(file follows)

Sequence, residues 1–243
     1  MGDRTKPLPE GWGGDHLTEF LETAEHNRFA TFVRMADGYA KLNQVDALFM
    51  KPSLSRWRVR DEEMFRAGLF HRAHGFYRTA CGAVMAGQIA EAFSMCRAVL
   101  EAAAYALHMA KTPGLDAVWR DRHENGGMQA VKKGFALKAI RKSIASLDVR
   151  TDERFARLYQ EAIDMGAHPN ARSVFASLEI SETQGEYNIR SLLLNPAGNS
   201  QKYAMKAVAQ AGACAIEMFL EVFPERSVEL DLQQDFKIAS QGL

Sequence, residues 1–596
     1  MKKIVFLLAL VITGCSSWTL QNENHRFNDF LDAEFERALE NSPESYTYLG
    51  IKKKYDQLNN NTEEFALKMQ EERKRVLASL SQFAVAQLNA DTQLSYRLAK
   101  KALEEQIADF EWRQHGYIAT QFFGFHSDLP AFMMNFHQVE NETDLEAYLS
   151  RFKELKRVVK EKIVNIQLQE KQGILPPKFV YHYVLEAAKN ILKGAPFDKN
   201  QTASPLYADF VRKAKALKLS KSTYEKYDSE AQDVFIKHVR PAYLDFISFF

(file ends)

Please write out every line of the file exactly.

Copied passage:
Sequence, residues 1–243
     1  MGDRTKPLPE GWGGDHLTEF LETAEHNRFA TFVRMADGYA KLNQVDALFM
    51  KPSLSRWRVR DEEMFRAGLF HRAHGFYRTA CGAVMAGQIA EAFSMCRAVL
   101  EAAAYALHMA KTPGLDAVWR DRHENGGMQA VKKGFALKAI RKSIASLDVR
   151  TDERFARLYQ EAIDMGAHPN ARSVFASLEI SETQGEYNIR SLLLNPAGNS
   201  QKYAMKAVAQ AGACAIEMFL EVFPERSVEL DLQQDFKIAS QGL

Sequence, residues 1–596
     1  MKKIVFLLAL VITGCSSWTL QNENHRFNDF LDAEFERALE NSPESYTYLG
    51  IKKKYDQLNN NTEEFALKMQ EERKRVLASL SQFAVAQLNA DTQLSYRLAK
   101  KALEEQIADF EWRQHGYIAT QFFGFHSDLP AFMMNFHQVE NETDLEAYLS
   151  RFKELKRVVK EKIVNIQLQE KQGILPPKFV YHYVLEAAKN ILKGAPFDKN
   201  QTASPLYADF VRKAKALKLS KSTYEKYDSE AQDVFIKHVR PAYLDFISFF